Whiteholm Dairy Farm patriarch dies


John W. White, the former owner of Whiteholm Dairy Farm in Auburn, died this week.

Although he was just a week shy of his 94th birthday, friends described him as “vigorous” and “dynamic,” a Renaissance man even in recent years. Among his myriad accomplishments: the creation of new iris hybrids and recognition as a nationally ranked, record-breaking swimmer into his 90s.

“He was 93 going on 70,” said Peter Young, a friend and president of the Maine Iris Society.

Born in 1916, White was raised on his family’s Whiteholm Dairy Farm in Auburn. He graduated from Edward Little High School in 1934 and from Bates College in 1939 with a degree in economics. While at Bates he met and fell in love with Evelyn Jones. The two married in 1941.

Over the next 35 years, White managed the family dairy farm on Turner Street, now Whiteholm Plaza anchored by a Walmart Superstore. From 1977 to 1992 White maintained a second career as a real estate broker specializing in undeveloped farm and forest land, according to his obituary. He also spent years in public service, serving on the Auburn City Council, the Minot Budget Committee, the Androscoggin Historical Society and a half-dozen other boards and commissions.

After leaving the farm, White pursued other interests. Like many retirees, he and his wife enjoyed traveling. Unlike many retirees, they and their son, Edward, created extensive iris, day lily and hosta gardens at their home in Minot. White began passionately working to create his own hybrid irises, even contacting a geneticist for help.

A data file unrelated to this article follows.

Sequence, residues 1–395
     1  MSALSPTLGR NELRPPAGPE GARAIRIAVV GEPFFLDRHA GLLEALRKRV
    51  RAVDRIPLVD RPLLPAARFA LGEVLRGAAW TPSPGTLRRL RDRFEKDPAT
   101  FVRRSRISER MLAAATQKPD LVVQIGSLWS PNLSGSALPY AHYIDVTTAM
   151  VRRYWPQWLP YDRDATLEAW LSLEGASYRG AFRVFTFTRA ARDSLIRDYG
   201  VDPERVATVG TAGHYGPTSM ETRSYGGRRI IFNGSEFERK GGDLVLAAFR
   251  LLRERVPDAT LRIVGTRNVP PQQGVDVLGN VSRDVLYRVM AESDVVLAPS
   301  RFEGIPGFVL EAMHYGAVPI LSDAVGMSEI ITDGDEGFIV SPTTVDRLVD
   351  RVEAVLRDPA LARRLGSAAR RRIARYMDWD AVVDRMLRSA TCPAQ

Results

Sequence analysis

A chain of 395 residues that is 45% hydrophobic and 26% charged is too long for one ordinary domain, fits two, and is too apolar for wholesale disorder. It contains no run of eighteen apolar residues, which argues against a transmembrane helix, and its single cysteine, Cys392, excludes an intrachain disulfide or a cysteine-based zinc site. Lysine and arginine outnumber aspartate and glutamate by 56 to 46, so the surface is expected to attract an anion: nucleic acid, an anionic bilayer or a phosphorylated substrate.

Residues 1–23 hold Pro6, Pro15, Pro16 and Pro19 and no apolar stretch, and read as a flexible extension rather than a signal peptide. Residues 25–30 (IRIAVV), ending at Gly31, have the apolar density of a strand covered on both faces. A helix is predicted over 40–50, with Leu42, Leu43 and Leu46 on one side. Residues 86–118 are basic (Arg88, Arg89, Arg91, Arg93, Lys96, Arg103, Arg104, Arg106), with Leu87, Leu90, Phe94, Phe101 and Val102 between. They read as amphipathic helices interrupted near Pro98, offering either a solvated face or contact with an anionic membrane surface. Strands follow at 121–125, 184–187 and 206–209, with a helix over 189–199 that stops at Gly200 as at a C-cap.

“He enjoyed the challenge of taking something and making the crosses and then seeing what new could be done, how things could be improved,” Young said.

White was successful. He created or improved a number of Japanese and Siberian irises, naming a couple of them after his wife. In 2007, the American Iris Society awarded him the Payne Medal for his creation of the Dirigo Pink Milestone.

White also used his retirement to return to swimming, a sport he loved in high school and college. His second career as a real estate broker was not as physically demanding as his time on the farm and it was affecting his health. In 1986 he started swimming in the Bates pool, focusing on the backstroke, the same stroke he’d specialized in during college. Soon, the Bates swimming coach encouraged White to compete, and he agreed. In his 70s, 80s and 90s he consistently broke speed records and ranked among the best Masters swimmers in the world, some of them former Olympians.

“I got lucky. I outlived the competition,” White joked in a 2007 Sun Journal story about his most recent swimming achievements. He was 91.

Age was rarely a problem for White in the pool. When he began having back problems in recent years, he simply learned a new way to do the backstroke.

“That’s who John was,” said friend Sharon Hayes Whitney. “He could go the distance; he could learn something new at over 90.”

In 2002, he was inducted into the Auburn-Lewiston Sports Hall of Fame.

White didn’t slow down even as his age advanced. He continued swimming until recently and worked until his death on creating the world’s first pure yellow Japanese iris. He didn’t get the chance to finish the iris, and he asked Whitney to carry on his work.

“I felt touched. I felt like I was asked to do something really important,” said Whitney, who sold White’s one-of-a-kind flowers through her Eartheart Gardens in Harpswell. “I felt really blessed that I could do that for him.”

White died Monday at the Hospice House in Auburn, according to his obituary. He is survived by his five children, 12 grandchildren and one great-grandchild. Friends called him a doting family man and a generous soul.

“He didn’t leave debris in his path. He left friends,” Whitney said.

Visitation will be held at The Fortin Group in Auburn from 2 to 4 p.m. and 7 to 9 p.m. Thursday. A celebration of White’s life will be held at 3 p.m. Friday at the High Street Congregational Church on Pleasant Street in Auburn.

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